Letzte Änderung / Last update: 2022-Jul-22
Pronunciation of the German Language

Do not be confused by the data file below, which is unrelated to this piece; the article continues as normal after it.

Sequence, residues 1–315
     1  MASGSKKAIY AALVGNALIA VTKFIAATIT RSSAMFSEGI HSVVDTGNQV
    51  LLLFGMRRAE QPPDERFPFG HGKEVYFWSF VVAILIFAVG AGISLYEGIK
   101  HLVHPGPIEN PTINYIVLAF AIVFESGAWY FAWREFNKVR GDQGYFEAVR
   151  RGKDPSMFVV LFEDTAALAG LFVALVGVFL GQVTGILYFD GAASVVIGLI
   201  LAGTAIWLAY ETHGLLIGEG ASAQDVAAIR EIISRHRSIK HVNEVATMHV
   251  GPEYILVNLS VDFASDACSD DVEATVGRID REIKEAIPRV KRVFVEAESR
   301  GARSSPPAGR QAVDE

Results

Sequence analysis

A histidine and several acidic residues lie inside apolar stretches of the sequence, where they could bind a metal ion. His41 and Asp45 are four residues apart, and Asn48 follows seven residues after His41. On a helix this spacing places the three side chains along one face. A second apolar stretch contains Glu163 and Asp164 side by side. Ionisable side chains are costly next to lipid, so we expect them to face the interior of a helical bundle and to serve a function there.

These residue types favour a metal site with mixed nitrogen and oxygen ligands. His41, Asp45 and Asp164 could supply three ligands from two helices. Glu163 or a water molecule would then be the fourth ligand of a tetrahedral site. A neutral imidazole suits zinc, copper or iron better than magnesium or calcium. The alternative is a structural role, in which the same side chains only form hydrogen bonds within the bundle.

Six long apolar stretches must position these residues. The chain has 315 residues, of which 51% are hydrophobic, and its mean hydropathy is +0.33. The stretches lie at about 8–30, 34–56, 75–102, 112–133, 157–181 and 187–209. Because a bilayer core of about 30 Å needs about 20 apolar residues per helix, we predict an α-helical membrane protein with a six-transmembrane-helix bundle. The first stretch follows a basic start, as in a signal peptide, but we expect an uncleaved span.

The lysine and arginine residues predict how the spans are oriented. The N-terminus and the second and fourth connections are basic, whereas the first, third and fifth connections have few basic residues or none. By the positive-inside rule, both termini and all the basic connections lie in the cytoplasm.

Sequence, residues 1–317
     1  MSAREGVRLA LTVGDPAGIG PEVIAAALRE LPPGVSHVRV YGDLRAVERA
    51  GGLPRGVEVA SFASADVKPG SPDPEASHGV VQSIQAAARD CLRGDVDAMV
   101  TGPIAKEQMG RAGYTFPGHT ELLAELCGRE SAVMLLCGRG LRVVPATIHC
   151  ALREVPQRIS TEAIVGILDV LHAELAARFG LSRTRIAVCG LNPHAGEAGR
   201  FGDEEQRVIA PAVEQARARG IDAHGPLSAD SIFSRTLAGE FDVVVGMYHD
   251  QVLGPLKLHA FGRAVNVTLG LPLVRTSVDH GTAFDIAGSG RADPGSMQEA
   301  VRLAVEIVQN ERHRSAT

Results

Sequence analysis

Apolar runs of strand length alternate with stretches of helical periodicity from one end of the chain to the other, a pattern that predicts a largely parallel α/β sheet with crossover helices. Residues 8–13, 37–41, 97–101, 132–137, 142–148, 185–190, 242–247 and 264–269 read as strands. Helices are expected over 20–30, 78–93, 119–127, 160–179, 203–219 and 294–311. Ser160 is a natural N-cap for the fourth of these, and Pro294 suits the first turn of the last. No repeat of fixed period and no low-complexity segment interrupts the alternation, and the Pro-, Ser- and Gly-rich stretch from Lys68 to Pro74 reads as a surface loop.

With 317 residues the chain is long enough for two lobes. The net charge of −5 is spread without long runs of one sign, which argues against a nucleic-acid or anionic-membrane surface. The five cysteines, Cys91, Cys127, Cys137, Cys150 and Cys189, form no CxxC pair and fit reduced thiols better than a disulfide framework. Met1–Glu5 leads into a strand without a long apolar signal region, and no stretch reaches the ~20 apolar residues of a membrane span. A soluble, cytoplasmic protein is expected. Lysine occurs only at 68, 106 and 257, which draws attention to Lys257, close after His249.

When you come across a German text or just a name, and you want to pronounce them correctly, without causing confusion among German listeners, these hints here might be helpful to you. There are many similarities, but also some severe differences, where it is often astonishing for Germans, that Americans never seem to have heard about the issue. So here you get some enlightenment. By the way, here we do not need to take differences between British and American English into consideration, this might only come up in very special cases. German as another European language is definitely closer in pronunciation to British English than to American English, and at school, a German pupil also first learns British English, as they are practically direct neighbours, only parted by some North Sea water. In general, German is considered a "mostly phonetic language", i.e. a language where you can easily derive the pronunciation from the spelling. Nothing is perfect, though, there are still exceptions. Yet definitely much fewer than in English. To increase the quality, you should discern the diphthongs, tell the original German words from some imported loan words, which often follow their original pronunciation. (In this regard, German is more flexible than e.g. French, where much more terms are strictly submitted to French pronunciation rules.) Then you are on a good way. Please note that in the relatively recent past Germany consisted of dozens of smaller or bigger kingdoms, all with their own deliberately chosen individuality, especially in terms of accents and dialects. Those differ often from one village to the next one over the hill, to such an extent that people just do not understand one another. Modern communication media have settled this to some degree, but still you have to cope with highly varying accents. — Let alone really different languages within the German borders. Near the borders to the many different neighboring countries with their different languages, this is quite common. But then there is also the sorbische (Sorbian) language, a Slavic dialect on its own spoken in a region bordering Poland, however differing strongly from Polish. Or up in the north, we have the friesische (Frisian) language, which is in fact some Gaelic variety. This also is the region called Angeln, and now you know where the term "Anglo-Saxon" comes from: from this Angeln and from the Saxons (German "Sachsen") a bit farther down south and a bit east. — And do not even mention Swiss German: An ordinary German can hardly understand any word of Swiss-German TV news, where they are not supposed to speak with a strong accent. Now guess what happens out in remote rural Swiss areas. Basically, this text is about the pronunciation of single letters, plus some cases of diphthongs and some such. A general issue with German pronunciation is that words are normally not linked to the following one when speaking, as opposite to the uses in English or also in French. This does not mean you are supposed to speak in a staccato style, you just need not make any effort to bind the words together. (Of course, in the case of words printed together, which is a major feature of the German language, then you also pronounce them accordingly.) By the way, there's a very special place for Americans to learn or practise the German pronunciation: Hawaii! As the story was told to me, there was a German monk, who lived on Hawaii and who was the first one to attempt to find a way to write down the original Hawaiian language. Being a German, he simply used the pronunciation rules he knew from his old country. So Hawaiian was written down in a way to be pronounced like an ordinary German text. Today, you can still experience that without really being able to speak the Hawaiian language: The names of places and mountains can already be pronounced properly. So, if you see names like Oahu or Haleakala or Halemaumau, just use the hints given here to pronounce them, and you will sound like a real Hawaiian insider. Then you will find, that the often attached hints for pronunciation or phonetic transcriptions into American English are less perfect, as they do not eliminate some of the pitfalls especially with regard to the pronunciation of vowels. Plain text here is to be read as an English text with English pronunciation. When a text is printed in italics (Schrägschrift), it is supposed to be a German text in German pronunciation. Here we will mainly discuss Hochdeutsch, or High German, the standard German way of writing and speaking. The variation of local dialects within Germany is much higher than in the USA, I think. In Britain, with its Gaelic portions (which have close relations to northern German Frisian regions) and Scottish varieties, cases are comparable, though. A hint concerning web links, if you read this text printed on paper and cannot directly click on the provided links: For a Wikipedia link [en-WP xyz] or [de-WP xyz] (en or de, respectively, mark the English or German language version of Wikipedia), type the text after the key word WP into the search field in the top right corner of any Wikipedia page, and so you get to the desired page. The same is valid for YouTube videos and their key word YT.